* World Vision: World Vision is an international humanitarian organization dedicated to working with children, families and their communities worldwide to reach their full potential by tackling the causes of poverty and injustice. World Vision achieves this through community development, disaster relief and advocacy in nearly 100 countries. In partnership with World Vision, communities access the knowledge and resources needed to improve the well-being of children and overcome poverty. For disaster preparedness and response, World Vision identifies places at risk of disaster, pre-positions resources and staff in high-risk zones, and builds capacity and resiliency among communities to help them protect themselves before an emergency and rebuild afterwards. World Vision’s advocacy work involves engaging institutions and the public to address global problems that perpetuate poverty, as well as empowering communities to advocate on their own behalf. For more information, visit www.worldvision.org.
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Inspector replied on Mon, Jan 17 2011 12:56 AM

lol, ya i saw a video of this. Good luck beating it. :)

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IBM "Watson use Intel Processors and plenty of RAM I will be interesting to see how it can do the game.. Is I right that "Watson" use Intel Processors?

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So it's more about having tons of complex algorithms rather than a computer able to decipher and distinguish between the nuances of the English language. I don't see much point to this, though a great marketing tool for IBM, reminds me of the chess challenges they did several years ago (Gary Kasparov vs Deep Blue).

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coolice replied on Mon, Jan 17 2011 11:58 PM

haha, I cant WAIT for this.

i'll end my comment by saying.....And then there was Skynet.

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fat78 replied on Wed, Jan 19 2011 10:22 AM

100$ on the computer

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realneil replied on Wed, Jan 19 2011 11:09 AM

While playing this game show is really special,...............we want to know,......will it play Crysis on full? Big Smile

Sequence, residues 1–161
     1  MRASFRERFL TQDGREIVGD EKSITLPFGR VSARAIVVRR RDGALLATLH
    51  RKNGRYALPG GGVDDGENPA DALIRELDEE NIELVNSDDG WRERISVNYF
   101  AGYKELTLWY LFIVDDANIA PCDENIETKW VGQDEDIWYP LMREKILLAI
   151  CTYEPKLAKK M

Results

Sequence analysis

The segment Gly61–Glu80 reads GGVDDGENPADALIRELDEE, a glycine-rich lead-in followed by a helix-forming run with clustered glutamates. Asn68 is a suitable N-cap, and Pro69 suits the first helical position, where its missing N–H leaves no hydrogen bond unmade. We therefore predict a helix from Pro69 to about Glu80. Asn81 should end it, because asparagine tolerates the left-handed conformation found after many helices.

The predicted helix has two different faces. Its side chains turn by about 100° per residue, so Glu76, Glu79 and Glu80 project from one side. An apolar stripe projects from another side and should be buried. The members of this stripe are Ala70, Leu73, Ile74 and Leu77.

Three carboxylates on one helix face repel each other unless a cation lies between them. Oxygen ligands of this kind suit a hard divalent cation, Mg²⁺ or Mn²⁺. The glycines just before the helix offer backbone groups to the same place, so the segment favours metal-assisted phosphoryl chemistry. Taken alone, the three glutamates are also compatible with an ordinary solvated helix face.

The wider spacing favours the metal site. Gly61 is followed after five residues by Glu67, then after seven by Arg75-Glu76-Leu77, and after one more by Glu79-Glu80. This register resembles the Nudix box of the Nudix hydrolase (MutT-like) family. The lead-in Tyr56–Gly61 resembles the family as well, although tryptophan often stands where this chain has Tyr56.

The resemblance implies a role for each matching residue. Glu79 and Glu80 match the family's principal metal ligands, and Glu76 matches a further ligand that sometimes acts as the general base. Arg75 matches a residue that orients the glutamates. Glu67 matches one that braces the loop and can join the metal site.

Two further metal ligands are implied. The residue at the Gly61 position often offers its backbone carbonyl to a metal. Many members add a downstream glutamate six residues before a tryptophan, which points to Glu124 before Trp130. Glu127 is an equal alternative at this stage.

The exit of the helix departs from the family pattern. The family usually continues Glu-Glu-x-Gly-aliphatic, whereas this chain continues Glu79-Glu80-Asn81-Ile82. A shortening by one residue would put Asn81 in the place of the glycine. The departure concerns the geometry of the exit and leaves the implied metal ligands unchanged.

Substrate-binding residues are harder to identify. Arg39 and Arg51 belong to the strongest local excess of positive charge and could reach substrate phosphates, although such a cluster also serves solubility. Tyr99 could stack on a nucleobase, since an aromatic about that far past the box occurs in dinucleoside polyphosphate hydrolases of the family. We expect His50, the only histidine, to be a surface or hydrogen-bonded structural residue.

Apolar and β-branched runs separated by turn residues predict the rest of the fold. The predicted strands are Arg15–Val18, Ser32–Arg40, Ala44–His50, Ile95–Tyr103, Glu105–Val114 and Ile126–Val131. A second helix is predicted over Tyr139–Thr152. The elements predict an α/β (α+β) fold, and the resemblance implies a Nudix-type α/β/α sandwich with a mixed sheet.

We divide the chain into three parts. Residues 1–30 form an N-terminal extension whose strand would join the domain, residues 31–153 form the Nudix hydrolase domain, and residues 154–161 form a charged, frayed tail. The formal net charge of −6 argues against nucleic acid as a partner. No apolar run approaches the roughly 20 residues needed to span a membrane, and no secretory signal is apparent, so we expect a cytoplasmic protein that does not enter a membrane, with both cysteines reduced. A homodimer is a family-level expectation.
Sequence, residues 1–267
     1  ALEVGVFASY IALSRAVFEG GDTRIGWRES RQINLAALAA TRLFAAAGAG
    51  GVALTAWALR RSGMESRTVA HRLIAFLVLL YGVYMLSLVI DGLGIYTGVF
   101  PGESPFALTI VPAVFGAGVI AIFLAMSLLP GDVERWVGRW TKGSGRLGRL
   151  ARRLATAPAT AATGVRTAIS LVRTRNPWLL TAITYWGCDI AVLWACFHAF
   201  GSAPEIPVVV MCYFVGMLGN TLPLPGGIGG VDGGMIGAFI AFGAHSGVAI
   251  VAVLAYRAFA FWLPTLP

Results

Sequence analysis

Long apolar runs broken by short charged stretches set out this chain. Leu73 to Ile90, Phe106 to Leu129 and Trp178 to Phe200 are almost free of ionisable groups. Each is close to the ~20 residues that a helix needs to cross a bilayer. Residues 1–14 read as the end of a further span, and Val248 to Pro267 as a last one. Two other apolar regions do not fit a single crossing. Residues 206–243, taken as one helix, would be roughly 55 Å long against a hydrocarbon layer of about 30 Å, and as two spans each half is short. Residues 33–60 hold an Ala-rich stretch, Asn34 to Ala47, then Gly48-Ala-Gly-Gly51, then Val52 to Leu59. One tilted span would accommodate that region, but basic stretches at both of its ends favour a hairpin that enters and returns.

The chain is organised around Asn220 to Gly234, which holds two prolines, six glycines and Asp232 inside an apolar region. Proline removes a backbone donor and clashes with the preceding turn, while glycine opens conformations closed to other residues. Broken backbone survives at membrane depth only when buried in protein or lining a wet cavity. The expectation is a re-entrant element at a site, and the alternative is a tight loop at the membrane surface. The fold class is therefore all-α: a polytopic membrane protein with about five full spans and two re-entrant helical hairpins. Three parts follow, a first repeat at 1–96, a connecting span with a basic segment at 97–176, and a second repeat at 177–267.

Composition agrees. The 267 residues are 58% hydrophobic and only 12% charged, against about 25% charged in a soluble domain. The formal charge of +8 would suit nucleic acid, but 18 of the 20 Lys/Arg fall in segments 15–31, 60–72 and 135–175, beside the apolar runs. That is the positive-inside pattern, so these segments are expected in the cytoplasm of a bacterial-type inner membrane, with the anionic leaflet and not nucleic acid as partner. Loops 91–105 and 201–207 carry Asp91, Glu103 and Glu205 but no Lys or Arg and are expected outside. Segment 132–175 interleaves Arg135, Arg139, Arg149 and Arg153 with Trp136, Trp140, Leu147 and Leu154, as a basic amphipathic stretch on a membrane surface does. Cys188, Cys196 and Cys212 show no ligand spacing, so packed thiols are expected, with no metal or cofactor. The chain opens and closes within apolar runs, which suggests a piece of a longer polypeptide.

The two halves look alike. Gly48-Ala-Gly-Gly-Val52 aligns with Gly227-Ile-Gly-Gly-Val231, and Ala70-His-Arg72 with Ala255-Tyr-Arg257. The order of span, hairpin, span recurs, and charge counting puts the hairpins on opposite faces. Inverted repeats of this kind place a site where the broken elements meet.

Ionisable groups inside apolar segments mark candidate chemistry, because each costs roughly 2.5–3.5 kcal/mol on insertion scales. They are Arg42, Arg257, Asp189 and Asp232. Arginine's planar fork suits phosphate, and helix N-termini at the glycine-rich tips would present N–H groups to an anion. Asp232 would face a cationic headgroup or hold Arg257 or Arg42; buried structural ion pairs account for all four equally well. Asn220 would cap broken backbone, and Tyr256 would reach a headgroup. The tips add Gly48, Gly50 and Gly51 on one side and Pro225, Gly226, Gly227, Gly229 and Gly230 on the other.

Mike Coyne:
IBM "Watson use Intel Processors and plenty of RAM I will be interesting to see how it can do the game.. Is I right that "Watson" use Intel Processors?

No, it's not an Intel Computer. It uses IBM Power 7 inside. (I should note that this 'IBM Watson' has a crap-load of these CPU's in it) I searched and couldn't find out exactly how many though.

Read More Here.

POWER7 has these specifications:

  • 45 nm SOI process, 567 mm2
  • 1.2 billion transistors
  • 3.0 – 4.25 GHz clock speed
  • max 4 chips per quad-chip module
    • 4, 6 or 8 cores per chip
      • 4 SMT threads per core
      • 12 execution units per core:
        • 2 fixed-point units
        • 2 load/store units
        • 4 double-precision floating-point units
        • 1 vector unit supporting VSX
        • 1 decimal floating-point unit
        • 1 branch unit
        • 1 condition register unit
    • 32+32 kB L1 instruction and data cache (per core)
    • 256 kB L2 Cache (per core)
    • 4 MB L3 cache per core with maximum up to 32MB supported. The cache is implemented in eDRAM, which does not require as many transistors per cell as a standard SRAM so it allows for a larger cache while using the same area as SRAM.

This gives the following theoretical performance figures (based on a 4.04 GHz 8 core implementation):

  • max 33.12 GFLOPS per core
  • max 264.96 GFLOPS per chip

 

Dogs are great judges of character, and if your dog doesn't like somebody being around, you shouldn't trust them.